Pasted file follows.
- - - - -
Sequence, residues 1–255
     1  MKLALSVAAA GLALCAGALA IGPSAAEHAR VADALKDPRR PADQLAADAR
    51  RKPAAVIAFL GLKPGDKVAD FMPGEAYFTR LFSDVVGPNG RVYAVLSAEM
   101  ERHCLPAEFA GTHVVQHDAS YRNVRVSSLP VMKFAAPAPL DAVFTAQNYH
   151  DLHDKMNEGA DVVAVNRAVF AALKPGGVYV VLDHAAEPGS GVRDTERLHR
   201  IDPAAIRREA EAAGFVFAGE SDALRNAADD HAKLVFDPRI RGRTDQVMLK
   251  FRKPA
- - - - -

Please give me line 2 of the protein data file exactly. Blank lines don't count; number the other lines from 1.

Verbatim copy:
     1  MKLALSVAAA GLALCAGALA IGPSAAEHAR VADALKDPRR PADQLAADAR